Since opening its doors in 2014, Valentino Rossi’s VR46 Academy has essentially turned around the fortunes of Italy in grand prix motorcycle racing.
But while broadly successful in its efforts to cherry-pick the best and brightest from the nine-time world champion’s home region and attempting to create the next Rossi, the programme has faced mixed fortunes so far.
With two Moto2 world championships (one with Rossi’s own team) and two riders duly promoted to the premier class, there are definite success stories from the project.
However, there’s also been a host of less-than-successful riders through the Academy, culminating in Rossi parting ways with three of the longest-serving at the end of the 2019 season.
And while it has been something of a championship win factory, as the prospect of Rossi retiring at the end of the 2020 season looms, there’s no doubt his talent scheme has so far failed to produce a clearly worthy successor.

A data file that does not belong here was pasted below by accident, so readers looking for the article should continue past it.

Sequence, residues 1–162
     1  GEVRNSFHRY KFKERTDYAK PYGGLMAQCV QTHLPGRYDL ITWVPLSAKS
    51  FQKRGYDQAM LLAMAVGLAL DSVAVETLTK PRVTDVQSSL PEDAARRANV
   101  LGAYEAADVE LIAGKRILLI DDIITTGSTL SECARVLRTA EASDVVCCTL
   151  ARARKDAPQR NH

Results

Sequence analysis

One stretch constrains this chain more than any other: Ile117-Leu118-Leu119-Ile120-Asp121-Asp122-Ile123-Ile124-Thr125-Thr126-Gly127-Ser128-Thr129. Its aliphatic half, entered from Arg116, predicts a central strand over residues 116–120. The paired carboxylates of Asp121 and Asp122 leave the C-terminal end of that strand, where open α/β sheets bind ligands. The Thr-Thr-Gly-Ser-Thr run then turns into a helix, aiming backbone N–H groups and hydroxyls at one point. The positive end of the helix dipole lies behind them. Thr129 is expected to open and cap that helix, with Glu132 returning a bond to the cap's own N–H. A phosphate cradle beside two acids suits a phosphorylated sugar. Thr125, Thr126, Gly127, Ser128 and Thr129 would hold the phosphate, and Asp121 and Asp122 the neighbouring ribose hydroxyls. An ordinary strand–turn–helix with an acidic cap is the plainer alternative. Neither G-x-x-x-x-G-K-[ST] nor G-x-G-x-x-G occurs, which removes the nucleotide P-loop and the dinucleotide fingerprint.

With that in mind, The Race looks at the kids Rossi is nurturing and who’s going to make it to the top – and, just as importantly, who best embodies the qualities of the great man himself.
Franco Morbidelli – Rossi’s chilled out nature
Petronas SRT Yamaha MotoGP rider
Morbidelli was the original member – the whole academy project was set up around him as he and Rossi grew closer after the death of Marco Simoncelli in 2011.
The trust paid off, too, with the former production bike racer the first of Rossi’s proteges to deliver title success in 2017 in Moto2.
Making the move to MotoGP afterwards, first with Marc VDS Honda and then with Petronas Yamaha, Morbidelli’s had something of a lacklustre time so far in the premier class.
Fast but inconsistent in 2019 and outshone by sensational rookie teammate Fabio Quartararo, he’s going to have to up his game this year.